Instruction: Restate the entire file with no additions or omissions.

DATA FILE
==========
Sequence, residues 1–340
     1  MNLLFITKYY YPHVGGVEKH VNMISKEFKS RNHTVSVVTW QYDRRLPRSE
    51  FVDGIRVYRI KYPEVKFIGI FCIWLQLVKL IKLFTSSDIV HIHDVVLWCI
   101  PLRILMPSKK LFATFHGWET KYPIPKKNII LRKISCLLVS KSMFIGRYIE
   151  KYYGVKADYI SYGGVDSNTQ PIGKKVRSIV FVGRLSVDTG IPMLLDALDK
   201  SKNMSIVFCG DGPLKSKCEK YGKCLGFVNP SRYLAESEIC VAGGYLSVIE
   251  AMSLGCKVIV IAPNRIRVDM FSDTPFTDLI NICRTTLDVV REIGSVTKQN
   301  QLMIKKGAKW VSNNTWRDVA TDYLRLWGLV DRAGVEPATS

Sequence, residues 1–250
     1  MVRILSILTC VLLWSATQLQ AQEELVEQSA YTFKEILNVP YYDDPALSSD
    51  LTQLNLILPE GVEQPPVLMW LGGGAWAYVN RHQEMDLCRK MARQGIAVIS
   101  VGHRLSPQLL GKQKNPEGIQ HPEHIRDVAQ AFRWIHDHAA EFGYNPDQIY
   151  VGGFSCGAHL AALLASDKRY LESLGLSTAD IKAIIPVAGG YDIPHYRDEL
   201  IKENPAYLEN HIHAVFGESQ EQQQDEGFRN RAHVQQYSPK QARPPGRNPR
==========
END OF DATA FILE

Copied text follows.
Sequence, residues 1–340
     1  MNLLFITKYY YPHVGGVEKH VNMISKEFKS RNHTVSVVTW QYDRRLPRSE
    51  FVDGIRVYRI KYPEVKFIGI FCIWLQLVKL IKLFTSSDIV HIHDVVLWCI
   101  PLRILMPSKK LFATFHGWET KYPIPKKNII LRKISCLLVS KSMFIGRYIE
   151  KYYGVKADYI SYGGVDSNTQ PIGKKVRSIV FVGRLSVDTG IPMLLDALDK
   201  SKNMSIVFCG DGPLKSKCEK YGKCLGFVNP SRYLAESEIC VAGGYLSVIE
   251  AMSLGCKVIV IAPNRIRVDM FSDTPFTDLI NICRTTLDVV REIGSVTKQN
   301  QLMIKKGAKW VSNNTWRDVA TDYLRLWGLV DRAGVEPATS

Sequence, residues 1–250
     1  MVRILSILTC VLLWSATQLQ AQEELVEQSA YTFKEILNVP YYDDPALSSD
    51  LTQLNLILPE GVEQPPVLMW LGGGAWAYVN RHQEMDLCRK MARQGIAVIS
   101  VGHRLSPQLL GKQKNPEGIQ HPEHIRDVAQ AFRWIHDHAA EFGYNPDQIY
   151  VGGFSCGAHL AALLASDKRY LESLGLSTAD IKAIIPVAGG YDIPHYRDEL
   201  IKENPAYLEN HIHAVFGESQ EQQQDEGFRN RAHVQQYSPK QARPPGRNPR